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Complete Trinity: Sonic Heroes Original Soundtrax :: Review by Setnaro

Complete Trinity: Sonic Heroes Original Soundtrax Album Title: Complete Trinity: Sonic Heroes Original Soundtrax
Record Label: Wavemaster
Catalog No.: WWCE-31027/8
Release Date: March 3, 2004
Purchase: Buy at CDJapan


Sonic Heroes is the first multiplatform Sonic game to be released during the sixth generation of the video game consoles, after the unfortunate demise of the Dreamcast. In a way, Sonic Heroes tried very hard to display a lot of homages, symbolism, and representation of the classic Sonic games. Not just the basic stuff like the green checkered hills, but also how drastically the music could evolve when you travel from the first stage all the way to the last. Not to mention just how variant are the explored genres, in the same manner as Sonic Adventure 2; only this time, the creation of the music visualizes more to fit the stages rather than the characters themselves. As always, Jun Senoue is at the seat of the music direction, and accompanying him are a team of guest contributors, including Naofumi Hayata, Yutaka Minobe, and Keiichi Sugiyama, classic veterans of the Sonic the Hedgehog soundtracks.


In terms of stage progression, Sonic Heroes' format was to play it through in acts, like the original Sonic games, specifically Sonic the Hedgehog 2. There are 14 stages, all grouped into two, and within these two groups is a basic layout of a stage which looks similar within both acts. Not surprisingly, the music, although performed differently among both acts, maintains the same style and genre, and even maintained the same instruments, in order to better display that classic feeling of traveling through these acts as though it was one long stage altogether.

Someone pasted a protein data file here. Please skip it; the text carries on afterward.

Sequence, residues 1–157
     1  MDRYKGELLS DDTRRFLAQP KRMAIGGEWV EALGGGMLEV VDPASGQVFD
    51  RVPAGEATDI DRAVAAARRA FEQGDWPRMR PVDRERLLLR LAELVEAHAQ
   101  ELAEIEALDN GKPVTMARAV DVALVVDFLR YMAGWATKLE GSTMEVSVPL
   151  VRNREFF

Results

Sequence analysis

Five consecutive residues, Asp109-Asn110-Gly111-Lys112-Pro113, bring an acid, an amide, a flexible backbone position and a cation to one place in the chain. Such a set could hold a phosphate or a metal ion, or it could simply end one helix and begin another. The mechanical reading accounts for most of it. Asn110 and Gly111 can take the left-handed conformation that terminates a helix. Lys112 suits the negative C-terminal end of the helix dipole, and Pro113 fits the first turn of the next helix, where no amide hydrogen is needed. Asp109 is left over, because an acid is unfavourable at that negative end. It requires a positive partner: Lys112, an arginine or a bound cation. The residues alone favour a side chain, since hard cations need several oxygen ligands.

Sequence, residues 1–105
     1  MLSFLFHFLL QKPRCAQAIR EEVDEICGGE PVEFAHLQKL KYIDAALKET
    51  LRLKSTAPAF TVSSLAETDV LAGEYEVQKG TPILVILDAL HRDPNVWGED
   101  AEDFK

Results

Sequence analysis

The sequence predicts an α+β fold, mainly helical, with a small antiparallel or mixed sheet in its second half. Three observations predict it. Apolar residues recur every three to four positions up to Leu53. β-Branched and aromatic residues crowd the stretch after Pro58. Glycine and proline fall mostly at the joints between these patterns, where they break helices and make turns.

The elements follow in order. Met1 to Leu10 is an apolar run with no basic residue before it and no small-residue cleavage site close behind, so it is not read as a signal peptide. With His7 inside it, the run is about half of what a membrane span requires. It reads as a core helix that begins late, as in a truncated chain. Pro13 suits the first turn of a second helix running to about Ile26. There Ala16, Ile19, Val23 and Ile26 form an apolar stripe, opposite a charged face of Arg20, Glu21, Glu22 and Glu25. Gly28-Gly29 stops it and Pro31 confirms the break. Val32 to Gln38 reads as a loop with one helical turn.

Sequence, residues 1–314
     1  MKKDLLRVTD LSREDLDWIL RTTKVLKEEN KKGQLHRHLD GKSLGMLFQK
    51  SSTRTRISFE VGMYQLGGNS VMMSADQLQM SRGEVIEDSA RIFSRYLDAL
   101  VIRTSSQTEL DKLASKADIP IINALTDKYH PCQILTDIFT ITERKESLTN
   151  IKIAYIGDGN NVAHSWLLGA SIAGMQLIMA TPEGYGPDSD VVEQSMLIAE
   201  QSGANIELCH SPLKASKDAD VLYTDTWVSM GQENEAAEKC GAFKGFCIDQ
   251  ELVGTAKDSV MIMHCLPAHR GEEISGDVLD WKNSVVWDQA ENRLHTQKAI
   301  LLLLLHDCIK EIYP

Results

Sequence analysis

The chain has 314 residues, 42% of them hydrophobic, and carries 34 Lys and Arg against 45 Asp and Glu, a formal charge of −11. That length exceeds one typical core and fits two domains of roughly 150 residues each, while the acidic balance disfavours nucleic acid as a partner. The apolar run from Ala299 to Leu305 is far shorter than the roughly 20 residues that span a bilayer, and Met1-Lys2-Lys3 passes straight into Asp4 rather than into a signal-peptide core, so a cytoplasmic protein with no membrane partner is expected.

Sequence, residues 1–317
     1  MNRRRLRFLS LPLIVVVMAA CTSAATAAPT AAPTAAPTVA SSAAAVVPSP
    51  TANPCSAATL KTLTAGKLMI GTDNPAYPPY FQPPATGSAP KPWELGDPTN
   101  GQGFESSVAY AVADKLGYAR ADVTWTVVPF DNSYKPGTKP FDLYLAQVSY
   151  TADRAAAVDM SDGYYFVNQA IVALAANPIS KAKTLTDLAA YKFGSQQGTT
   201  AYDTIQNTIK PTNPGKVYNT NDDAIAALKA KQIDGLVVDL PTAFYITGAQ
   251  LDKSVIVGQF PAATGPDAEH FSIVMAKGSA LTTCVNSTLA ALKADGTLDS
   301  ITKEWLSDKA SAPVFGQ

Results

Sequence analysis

There are quite a few genres explored on this album. The album starts off tranquil and peaceful from the beginning, and as one travels down to the last few tracks on the second disc, it becomes dark and menacing, yet still rather enjoyable to listen to. For a Sonic game these days, it's almost mandatory to start off with a beach stage, and that's where it all begins, with peaceful surfer-inspired rock and fast-paced drums in the form of "Seaside Hill" and "Ocean Palace". Both tracks use a very unique fashion of guitar duels, and to keep in tune with that beach feeling, there's no rhythm guitar to be heard at all. It all fits together very nicely, inspiring the listener to sit down and watch the beach flow by.

Around the album, we also get to hear industrial techno, in order to represent a futuristic kind of world outside our creativity. Use of a strange synthesizer mixed with fast paced drums characterises "Grand Metropolis" and "Power Plant". In a more calming style of techno, we also have these rather strange uses of pinball-esque sound effects played out through a synthesizer, and athe more casually performed percussion for "Casino Park". "Bingo Highway" takes what "Casino Park" carries, makes it much more fast paced, and adds the hardcore rhythm guitar to make it much more frantic. The samples and sound effects that wrap up these tracks give them that Las Vegas gambling fever and a childish manner. It's classic Sonic the Hedgehog style.

For fans who loved the hard rock performances that came out of both Sonic Adventure titles, these kind of performances comes into full throttle once again between "Rail Canyon" and "Bullet Station". The lead guitar plays out a very intricate and elaborate riff, and the skills of the drummer have never been more intriguing, as the artist just pummels away an echoing percussion with an equally echoing chimes of the cymbals. "Bullet Station" goes one step beyond by having the guitars be covered in a techno fashion, as well as the drums in a more ground-pounding manner, almost similar to a song that can be heard on the vocal soundtrack for Sonic Heroes, "This Machine" by Julien-K.